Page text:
Assessing lower Indian tur production this year, big corporates in African countries may well like to profiteer from the situation. There is news about imposing export duties to restricting supplies even under MOUs.


Also read: India has a dal problem – open import policy is hurting prices and farmers


What now?

By increasing dependence on imports, India may be stifling its own markets. If India is serious about Atmanirbharta in pulses, the Government has to take proactive actions and plan for the medium and long term.

  1. Fix the MSP correctly: Tur is a long-duration crop — sown in June/July (kharif season) and harvested in January-February. Mung is also sown during kharif, but it is a short-duration crop, sown and harvested within four months. MSP of mung is Rs 8558/quintal whereas that of tur is Rs 7000/quintal. There is a growing preference of farmers towards mung. Till 2018, the gap between the MSP of tur and mung averaged about Rs 200/quintal, however, since 2018-19, the gap jumped to an average of about Rs 1240/quintal. Yield of tur in some states is higher than mung but a large gap in returns (among other things) is causing diversions of area away from tur. This gap needs to be corrected.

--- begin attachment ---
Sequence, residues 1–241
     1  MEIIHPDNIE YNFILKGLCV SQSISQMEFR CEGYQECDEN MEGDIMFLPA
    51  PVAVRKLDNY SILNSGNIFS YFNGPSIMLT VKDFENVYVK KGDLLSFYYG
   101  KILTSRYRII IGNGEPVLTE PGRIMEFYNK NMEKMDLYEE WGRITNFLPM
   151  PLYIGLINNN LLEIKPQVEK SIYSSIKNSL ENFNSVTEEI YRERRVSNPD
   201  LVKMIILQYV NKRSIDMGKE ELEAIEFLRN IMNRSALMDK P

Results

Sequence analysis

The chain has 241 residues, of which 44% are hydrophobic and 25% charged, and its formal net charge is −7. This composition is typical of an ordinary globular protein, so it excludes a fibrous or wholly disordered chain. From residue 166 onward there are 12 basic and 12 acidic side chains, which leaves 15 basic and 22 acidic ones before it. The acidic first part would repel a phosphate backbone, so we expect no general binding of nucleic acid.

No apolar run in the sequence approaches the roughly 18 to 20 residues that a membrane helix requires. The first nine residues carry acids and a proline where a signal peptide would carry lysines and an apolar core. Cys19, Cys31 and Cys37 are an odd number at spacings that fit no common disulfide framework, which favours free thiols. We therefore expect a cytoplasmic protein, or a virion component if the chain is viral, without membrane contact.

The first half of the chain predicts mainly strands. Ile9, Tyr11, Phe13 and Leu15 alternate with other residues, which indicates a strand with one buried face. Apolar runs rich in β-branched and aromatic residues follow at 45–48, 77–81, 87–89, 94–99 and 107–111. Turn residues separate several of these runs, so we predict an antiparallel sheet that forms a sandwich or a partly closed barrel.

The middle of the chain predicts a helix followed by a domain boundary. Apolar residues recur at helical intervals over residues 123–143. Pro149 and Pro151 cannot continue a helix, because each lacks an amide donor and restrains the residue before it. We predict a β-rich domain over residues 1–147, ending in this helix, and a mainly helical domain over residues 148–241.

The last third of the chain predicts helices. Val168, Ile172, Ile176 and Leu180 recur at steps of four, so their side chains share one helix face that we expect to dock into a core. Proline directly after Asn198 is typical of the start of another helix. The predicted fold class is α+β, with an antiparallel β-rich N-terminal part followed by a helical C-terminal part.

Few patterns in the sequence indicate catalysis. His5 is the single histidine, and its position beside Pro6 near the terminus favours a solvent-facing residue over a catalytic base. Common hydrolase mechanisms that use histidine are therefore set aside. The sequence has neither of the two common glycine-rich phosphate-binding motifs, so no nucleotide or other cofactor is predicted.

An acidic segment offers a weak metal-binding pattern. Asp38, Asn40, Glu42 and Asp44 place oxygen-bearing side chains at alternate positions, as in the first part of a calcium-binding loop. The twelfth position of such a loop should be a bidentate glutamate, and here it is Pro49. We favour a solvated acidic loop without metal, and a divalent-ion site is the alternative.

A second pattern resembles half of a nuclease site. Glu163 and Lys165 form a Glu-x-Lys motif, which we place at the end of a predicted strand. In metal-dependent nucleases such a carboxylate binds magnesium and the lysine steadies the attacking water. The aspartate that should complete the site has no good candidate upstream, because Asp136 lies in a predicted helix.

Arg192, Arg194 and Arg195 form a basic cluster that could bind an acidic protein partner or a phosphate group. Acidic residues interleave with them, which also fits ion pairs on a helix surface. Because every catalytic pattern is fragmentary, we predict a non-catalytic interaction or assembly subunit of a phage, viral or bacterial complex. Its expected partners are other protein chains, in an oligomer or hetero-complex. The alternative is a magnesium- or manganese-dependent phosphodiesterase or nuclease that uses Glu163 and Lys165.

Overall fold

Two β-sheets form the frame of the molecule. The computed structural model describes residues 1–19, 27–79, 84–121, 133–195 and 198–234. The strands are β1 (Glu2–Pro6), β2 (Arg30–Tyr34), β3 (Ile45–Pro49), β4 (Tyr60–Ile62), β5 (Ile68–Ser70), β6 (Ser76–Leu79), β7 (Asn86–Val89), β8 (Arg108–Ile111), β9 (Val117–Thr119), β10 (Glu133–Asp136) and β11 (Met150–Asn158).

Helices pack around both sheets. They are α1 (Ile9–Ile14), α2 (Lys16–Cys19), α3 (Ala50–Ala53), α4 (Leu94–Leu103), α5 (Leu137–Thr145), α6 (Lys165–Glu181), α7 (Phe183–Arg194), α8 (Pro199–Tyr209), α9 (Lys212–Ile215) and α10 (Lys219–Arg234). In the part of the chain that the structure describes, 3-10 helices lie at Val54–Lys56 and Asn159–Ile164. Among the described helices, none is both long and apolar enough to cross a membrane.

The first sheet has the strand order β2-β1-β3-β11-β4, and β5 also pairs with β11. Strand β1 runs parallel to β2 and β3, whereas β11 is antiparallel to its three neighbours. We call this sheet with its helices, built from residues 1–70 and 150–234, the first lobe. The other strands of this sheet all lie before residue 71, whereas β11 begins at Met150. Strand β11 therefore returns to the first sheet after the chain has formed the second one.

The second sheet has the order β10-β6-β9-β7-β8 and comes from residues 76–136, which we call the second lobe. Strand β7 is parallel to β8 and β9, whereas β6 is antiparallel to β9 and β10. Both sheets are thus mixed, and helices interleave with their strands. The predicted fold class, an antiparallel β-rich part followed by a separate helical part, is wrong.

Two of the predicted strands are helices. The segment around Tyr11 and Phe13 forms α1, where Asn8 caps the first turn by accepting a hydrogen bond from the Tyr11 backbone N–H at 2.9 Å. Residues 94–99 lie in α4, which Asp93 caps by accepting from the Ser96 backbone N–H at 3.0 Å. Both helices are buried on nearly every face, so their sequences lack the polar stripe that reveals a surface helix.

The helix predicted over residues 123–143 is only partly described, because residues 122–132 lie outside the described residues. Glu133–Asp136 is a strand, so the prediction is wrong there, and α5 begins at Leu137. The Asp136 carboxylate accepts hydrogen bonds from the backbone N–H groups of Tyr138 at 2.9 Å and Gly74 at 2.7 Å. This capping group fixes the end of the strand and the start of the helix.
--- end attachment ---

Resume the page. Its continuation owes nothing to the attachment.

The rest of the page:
2. Trade-off between inflation and farmer incentives- The government has to walk a thin line to ensure adequate availability of affordable food for consumers and ensure that farmers are remuneratively compensated. Open imports and provisions of the Essential Commodities Act (ECA) support consumers but hurt the farmers. In one of our ongoing studies, we have found evidence of gram and mustard farmers holding back stocks of their harvested crops to sell at a later stage to leverage future arbitrage opportunities. Apart from the traders, provisions of ECA also hurt such farmers who are then unable to realise good prices for their stored crops. GOI’s export and trade-restricting actions hurt a crop’s entire value chain that takes years to build. However, access to affordable food is critical for the country and therefore, beyond a certain inflation rate, it appears trade restrictive policies are called for. But the moot question is how much is the country’s inflation-tolerance-level? This requires much deeper research.